Is the main problem with your writing career (the one that you dream of), the fact that you just don’t know what to write? Never fear. It turns out that this isn’t the problem after all. Not knowing what to write, as we shall discover, is actually another problem in disguise.
But thinking that you don’t know what to write can be the barrier between dreaming about being a writer and actually being a writer. So let’s knock this issue on the head for once and for all.
It’s Not That You Don’t Know What To Write
As I said above, the problem is actually quite different to the one you think you have. The issue is not that you don’t know what to write.
The issue is that you already have a million and one things that you could write about and you are totally unable to choose.
No really! My mind is totally blank! I hear you cry.
Your mind might feel blank while you are staring at a blank page in a word processor, or while you’re thinking about what story to write while doing your day job. But your mind is not totally blank. In fact, your mind is a reservoir of memory, experience and emotion that has a vastness unmatched by the oceans of the world. If you have lived even 18 years on this planet you have unfathomable depths of knowledge and experience tucked away inside your head. If you have lived as long as 50 years it would be impossible to ever fully understand the greatness of what you have experienced, felt and lived through.
Have you ever googled something like short story ideas, and then read through a list of 100 different ideas on what to write, but decided that none of them are quite good enough?
There we go. 100 story ideas on a plate and you still think you don’t know what to write about.
The problem is not that you don’t know what to write. So I want you to stop saying that to yourself.
I Can’t Find a Good Enough Idea
While we’re here, we can bust this myth too. There are successful stories written about the most insane and unlikely subjects you could ever imagine.
As an example, the BBC National Short Story Award in 2013 was won by Sarah Hall, with the story Mrs Fox. She took home £15,000 after writing a story about a man who is shocked to discover his wife turns into a fox.
Let’s just mull over that fact for a little while.
A story about a woman turning into a fox won the first prize of £15,000.
Do you think, if you were sat at your computer trying to decide what to write, that you’d think it was a good idea if I suggested you write a story about a wife that turns into a fox?
Of course you wouldn’t.
You’d tell me not to be so ridiculous. But why is it ridiculous?
It’s Not What You Write, It’s How You Write It
The point I’m trying to make here is that it’s not what you write about that matters. You can write about 18th-century life, a murdering next-door neighbour, or a dog who believes he’s a human. The subject isn’t actually the important part.
What really matters is how you tell the story.
And for this very reason, you need to stop worrying about not knowing what to write about. It doesn’t matter if you don’t know what to write about.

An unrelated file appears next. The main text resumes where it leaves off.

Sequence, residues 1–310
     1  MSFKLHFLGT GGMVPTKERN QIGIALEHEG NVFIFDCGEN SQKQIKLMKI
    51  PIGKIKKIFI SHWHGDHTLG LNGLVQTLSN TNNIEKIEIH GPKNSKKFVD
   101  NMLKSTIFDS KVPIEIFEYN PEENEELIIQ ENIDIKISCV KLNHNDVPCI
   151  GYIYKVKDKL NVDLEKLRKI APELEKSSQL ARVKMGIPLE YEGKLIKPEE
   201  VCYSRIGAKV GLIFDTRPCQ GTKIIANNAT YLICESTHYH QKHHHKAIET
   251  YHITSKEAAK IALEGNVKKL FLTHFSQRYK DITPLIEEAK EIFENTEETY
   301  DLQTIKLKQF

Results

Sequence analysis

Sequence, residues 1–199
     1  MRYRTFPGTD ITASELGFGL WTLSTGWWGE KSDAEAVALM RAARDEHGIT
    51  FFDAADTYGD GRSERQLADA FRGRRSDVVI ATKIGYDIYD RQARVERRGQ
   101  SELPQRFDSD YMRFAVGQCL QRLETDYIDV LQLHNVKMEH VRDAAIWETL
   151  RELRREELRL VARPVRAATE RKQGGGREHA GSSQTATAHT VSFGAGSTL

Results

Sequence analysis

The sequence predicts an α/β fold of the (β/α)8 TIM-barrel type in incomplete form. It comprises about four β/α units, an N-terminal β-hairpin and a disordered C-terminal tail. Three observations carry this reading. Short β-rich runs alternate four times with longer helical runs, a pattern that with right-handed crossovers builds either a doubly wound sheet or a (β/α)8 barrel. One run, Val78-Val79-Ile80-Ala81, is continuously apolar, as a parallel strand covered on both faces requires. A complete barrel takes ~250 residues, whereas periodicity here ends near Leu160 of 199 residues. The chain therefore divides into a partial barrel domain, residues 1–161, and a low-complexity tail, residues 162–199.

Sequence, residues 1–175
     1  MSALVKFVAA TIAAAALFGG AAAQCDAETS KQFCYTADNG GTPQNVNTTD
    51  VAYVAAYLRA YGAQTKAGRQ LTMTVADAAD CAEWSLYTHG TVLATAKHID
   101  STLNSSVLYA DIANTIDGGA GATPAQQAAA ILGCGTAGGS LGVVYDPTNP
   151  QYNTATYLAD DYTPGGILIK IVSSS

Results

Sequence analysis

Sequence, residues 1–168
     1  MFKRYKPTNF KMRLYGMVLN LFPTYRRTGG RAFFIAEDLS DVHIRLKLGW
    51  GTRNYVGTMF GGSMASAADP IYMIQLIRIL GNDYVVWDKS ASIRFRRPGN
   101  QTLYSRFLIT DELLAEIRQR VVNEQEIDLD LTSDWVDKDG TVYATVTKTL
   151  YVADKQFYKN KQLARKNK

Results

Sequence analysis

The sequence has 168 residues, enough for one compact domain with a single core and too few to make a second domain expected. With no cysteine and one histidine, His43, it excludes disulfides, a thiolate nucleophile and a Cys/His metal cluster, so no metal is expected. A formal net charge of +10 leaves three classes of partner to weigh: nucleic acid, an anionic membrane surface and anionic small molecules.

Repeat that to yourself over and over again until you believe it.
Everything that you DO write, in the worst-case scenario, still counts as practice. Everything you get down on paper (digital or real) is honing your ability to tell a captivating story.
That’s what a reader really wants. A captivating story. The reader wants to be taken out of their day and into your world. They are holding their hand out and saying “lead me, please”. And it doesn’t matter if one person has no interest in (say) historical fiction. There are plenty of other people that do. There is an audience for every kind of genre.
And the way to connect with an audience is to write in a way that they love to read it.
And that’s much less about the subject matter, and much more about the quality and craft of your writing.
Concentrate on The quality of writing, not The Subject
If you’ve ended up here after googling for not knowing what to write, looking for inspiration that will give you the perfect storyline, I can tell you you probably aren’t going to find it. Or – you may think you’ve found it, but then after a couple of weeks or months the novelty will wear off. And your half-written story about a woman who discovers a secret door at the end of her garden will suddenly seem trite and pointless.
This is because you’re basing your worth and your perceived talent on the subject of your writing. Now, don’t get me wrong – I’m not saying plot isn’t important, because it is. But the plot is different to the subject. You should be able to take your subject and craft something brilliant out of it. Whether it’s a war over who can grow the best tomato at the village fete or the story of a fighter pilot in his last hours of life, it’s how you write it that matters.
Think about your favourite author and then imagine how they would write about their first driving lesson.
Stephen King might have a sinister driving instructor freshly back from the dead. Nicholas Sparks could weave a tale of love between the two characters. Isaac Asimov may be more interested in the eavesdropping capability of the self-aware car.
The most important part about writing, for any new writer (and even established writers) is to write something in the first place.
There is no story without words, and that is what you have to get down.
So, stop procrastinating, and telling yourself that you can’t find the right idea. Instead, pick any old idea (now don’t get hung up on this!), and…